Cook Music Library Digital Exhibitions

Film Music

Silvestre Revueltas (1899-1940)

Violinist and composer, known more for his classical music work in pieces like Sensemayá and Homenaje a Federico García Lorca. He is particularly known for weaving together folk-like melodies and Mexican aesthetics like mariachi with western art traditions. His first film score was for Redes in 1935, one of the few Mexican film scores that has entered the classical music repertory as a suite. The film itself was reviewed poorly but critics, including Aaron Copland, praised Revueltas’s music. Revueltas went on to compose several other films, including El Signo de la Muerte before his untimely death in 1940.

Gonzalo Curiel (1904-1958)

Curiel was a Mexican Golden Age composer (just like Hollywood had a Golden Age from around 1930 to 1950 which cemented filmic standards and conventions, so did Mexican cinema). Curiel was active from around 1945 until his death in 1958, focusing on comedies, dramas, and action (especially crime and westerns).

Maria Grever (1885-1951)

Grever was born in Mexico to a Spanish father and Mexican mother. She moved to Europe and studied with several classical composers, notably Claude Debussy. She married an American and became a US citizen in 1916, living in New York, and began working as a film composer for Paramount and 20th Century Fox. She was primarily a song composer, writing some 800 boleros. Her most well-known song, “Cuando vuelva a tu lado” became popular with English version, “What a diff’rence a day makes” sung by Dinah Washington. The song ends up in hundreds of films, but one of the most popular is Lola rennt.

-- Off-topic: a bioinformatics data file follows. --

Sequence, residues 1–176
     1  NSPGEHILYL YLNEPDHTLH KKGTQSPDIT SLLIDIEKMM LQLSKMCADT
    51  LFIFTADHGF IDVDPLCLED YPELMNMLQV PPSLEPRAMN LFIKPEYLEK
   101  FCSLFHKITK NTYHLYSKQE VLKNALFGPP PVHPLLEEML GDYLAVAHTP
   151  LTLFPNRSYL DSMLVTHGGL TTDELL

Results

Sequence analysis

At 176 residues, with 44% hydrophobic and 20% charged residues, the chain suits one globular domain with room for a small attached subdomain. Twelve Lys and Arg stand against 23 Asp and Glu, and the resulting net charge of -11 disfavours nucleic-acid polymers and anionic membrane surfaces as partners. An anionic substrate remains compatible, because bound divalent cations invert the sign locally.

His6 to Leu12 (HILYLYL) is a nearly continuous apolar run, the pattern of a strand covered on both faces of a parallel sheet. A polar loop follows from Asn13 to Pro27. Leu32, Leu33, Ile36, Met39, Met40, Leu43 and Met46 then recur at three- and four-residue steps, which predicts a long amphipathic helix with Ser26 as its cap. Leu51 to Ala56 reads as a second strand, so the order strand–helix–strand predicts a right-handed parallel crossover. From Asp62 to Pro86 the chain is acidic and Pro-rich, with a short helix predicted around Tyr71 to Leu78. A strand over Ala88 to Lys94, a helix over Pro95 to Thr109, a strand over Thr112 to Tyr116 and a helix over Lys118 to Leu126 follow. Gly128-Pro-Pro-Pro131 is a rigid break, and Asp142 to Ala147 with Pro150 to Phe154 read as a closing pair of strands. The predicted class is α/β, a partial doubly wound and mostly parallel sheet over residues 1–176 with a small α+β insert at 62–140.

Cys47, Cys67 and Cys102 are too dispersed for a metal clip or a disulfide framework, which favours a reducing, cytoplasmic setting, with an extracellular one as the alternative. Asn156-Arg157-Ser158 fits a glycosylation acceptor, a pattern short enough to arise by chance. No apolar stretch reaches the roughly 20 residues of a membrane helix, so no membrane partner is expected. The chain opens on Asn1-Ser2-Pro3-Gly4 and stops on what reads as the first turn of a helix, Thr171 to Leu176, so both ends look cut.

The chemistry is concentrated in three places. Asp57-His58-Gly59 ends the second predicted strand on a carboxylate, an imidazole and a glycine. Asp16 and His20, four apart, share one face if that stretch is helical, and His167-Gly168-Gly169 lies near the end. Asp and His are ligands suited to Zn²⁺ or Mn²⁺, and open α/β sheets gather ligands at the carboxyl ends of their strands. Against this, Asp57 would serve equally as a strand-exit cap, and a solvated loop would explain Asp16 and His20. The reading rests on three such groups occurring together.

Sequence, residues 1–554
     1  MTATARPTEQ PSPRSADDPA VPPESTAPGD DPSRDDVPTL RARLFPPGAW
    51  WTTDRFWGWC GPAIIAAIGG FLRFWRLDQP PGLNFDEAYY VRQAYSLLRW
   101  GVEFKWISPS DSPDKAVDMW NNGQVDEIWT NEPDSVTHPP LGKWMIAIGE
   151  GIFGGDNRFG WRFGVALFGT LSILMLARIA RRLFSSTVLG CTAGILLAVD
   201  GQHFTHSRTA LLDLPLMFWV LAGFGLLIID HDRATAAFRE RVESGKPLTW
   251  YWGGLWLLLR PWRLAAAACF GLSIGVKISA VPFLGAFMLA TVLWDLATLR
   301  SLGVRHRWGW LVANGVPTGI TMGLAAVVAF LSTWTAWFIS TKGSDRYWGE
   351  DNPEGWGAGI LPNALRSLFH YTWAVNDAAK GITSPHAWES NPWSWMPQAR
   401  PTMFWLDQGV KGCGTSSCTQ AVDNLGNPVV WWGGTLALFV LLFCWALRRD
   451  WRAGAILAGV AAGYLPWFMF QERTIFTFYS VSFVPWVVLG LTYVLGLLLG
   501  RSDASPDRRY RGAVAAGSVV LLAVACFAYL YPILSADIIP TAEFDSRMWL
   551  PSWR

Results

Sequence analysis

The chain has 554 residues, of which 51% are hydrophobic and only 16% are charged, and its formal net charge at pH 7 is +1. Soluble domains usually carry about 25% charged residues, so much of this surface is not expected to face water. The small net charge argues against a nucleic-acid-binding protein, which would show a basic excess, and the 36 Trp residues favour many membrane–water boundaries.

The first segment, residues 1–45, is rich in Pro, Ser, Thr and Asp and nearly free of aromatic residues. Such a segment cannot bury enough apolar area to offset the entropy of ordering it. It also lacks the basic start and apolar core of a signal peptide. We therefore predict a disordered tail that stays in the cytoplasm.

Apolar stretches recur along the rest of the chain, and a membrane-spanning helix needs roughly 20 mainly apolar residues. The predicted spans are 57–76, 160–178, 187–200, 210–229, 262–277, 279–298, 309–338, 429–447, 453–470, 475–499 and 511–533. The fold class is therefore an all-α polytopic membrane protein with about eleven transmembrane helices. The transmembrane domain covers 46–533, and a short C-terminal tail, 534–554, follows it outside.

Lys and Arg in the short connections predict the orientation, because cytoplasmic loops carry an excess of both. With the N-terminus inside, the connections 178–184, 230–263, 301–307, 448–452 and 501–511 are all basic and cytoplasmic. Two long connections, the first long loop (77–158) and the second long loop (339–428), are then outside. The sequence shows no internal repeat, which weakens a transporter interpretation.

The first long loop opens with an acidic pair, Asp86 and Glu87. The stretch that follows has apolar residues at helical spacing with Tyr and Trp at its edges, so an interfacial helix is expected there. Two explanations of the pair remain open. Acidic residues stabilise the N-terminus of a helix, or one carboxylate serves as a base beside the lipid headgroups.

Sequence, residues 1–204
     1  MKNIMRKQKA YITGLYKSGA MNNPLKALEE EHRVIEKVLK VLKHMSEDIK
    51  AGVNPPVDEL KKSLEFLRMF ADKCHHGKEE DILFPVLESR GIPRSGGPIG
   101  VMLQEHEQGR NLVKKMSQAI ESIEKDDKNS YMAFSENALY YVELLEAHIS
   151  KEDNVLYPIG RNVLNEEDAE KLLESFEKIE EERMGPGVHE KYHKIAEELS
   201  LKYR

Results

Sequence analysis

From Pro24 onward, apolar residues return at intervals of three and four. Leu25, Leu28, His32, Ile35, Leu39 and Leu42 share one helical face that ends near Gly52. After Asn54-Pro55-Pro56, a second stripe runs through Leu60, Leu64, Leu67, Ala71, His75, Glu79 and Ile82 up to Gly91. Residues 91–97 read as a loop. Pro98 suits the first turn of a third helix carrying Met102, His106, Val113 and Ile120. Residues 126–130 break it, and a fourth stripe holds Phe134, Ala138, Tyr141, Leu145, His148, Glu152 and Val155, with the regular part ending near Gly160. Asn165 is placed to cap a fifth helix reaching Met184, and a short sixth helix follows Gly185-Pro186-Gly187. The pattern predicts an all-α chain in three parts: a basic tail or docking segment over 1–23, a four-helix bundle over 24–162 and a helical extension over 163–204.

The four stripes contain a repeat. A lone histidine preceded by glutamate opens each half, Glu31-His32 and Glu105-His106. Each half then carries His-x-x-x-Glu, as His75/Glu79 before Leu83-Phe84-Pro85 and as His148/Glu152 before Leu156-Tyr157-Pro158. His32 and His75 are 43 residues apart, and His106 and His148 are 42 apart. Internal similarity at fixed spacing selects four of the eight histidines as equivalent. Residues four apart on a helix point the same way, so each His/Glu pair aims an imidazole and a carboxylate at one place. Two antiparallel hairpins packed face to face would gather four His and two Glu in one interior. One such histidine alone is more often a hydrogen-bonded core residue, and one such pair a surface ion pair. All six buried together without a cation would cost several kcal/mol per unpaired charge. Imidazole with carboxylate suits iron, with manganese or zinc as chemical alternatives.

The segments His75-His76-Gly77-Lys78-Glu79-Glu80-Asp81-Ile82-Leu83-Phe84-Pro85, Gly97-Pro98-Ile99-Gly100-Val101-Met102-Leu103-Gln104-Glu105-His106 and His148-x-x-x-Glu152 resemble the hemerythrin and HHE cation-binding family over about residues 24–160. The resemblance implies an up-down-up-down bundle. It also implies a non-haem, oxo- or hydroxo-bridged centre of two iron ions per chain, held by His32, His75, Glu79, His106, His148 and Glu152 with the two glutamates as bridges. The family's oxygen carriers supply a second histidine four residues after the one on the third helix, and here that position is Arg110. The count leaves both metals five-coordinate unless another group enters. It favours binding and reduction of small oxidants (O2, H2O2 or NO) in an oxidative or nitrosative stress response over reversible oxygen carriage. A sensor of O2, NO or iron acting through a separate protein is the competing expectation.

Joaquín Gutiérrez Heras (1927-2012)

Studied at the Mexican National Conservatory under Rodolfo Halffter and Blas Galindo; received a scholarship to study in France under the tutelage of Nadia Boulanger and Olivier Messiaen. He is one of the founders of the Nueva Música de México, or new music of Mexico, working in symphonic genres, chamber music, and film music, and won numerous Silver Goddesses and Ariel Awards for his film compositions. He is known for psychological dramas and thrillers, and often collaborated with Arturo Ripstein, José Estrada, and Jaime Humberto Hermosillo.

Lucía Álvarez (1948- )

Álvarez studied at UNAM with Arturo Márquez and Horacio Uribe. A stint in Italy in the mid-1990s gave her the change to study with the important film composer, Ennio Morricone. Álvarez has collaborated with several Mexican directors, including Juan Manuel Torres, Arturo Ripstein, and Jorge Fons, and has won several Ariel Awards for both her cinematic scores and songs in films.

Javier Álvarez (1956- ) (no relation to Lucia Álvarez above)

One of the most prolific living Mexican composers, known for blending genres, particularly electronic music and international music. He studied with Mario Lavista in Mexico before moving to the UK. His concert works like Temazcal (1984) and Mannam (1992 [winner of Prix Ars Electronica]) blend electronics and acoustics, particularly folk instruments like maracas and Korean zither. He broke into the film scene with Cronos, which was Guillermo del Toro’s premiere film.

Victor Hernández Stumpfhauser (1980- )

Hernández Stumpfhauser is one of the newer generations of Mexican film composers but is becoming prolific. He graduated from UNAM and has already been nominated for the Silver Goddess (Las Horas Contigo, dir. Catalina Aguilar Mastretta 2015) and won the Pantalla de Cristal Film Festival Best Original Score category for Me estás matando, Susana.  Listen to the score for this film on the composer’s soundcloud:

Musical selections available to authorized users through KanopyMedia Collections Online, SoundCloud, and YouTube.

Sponsored by the Latin American Music Center and Cook Music Library.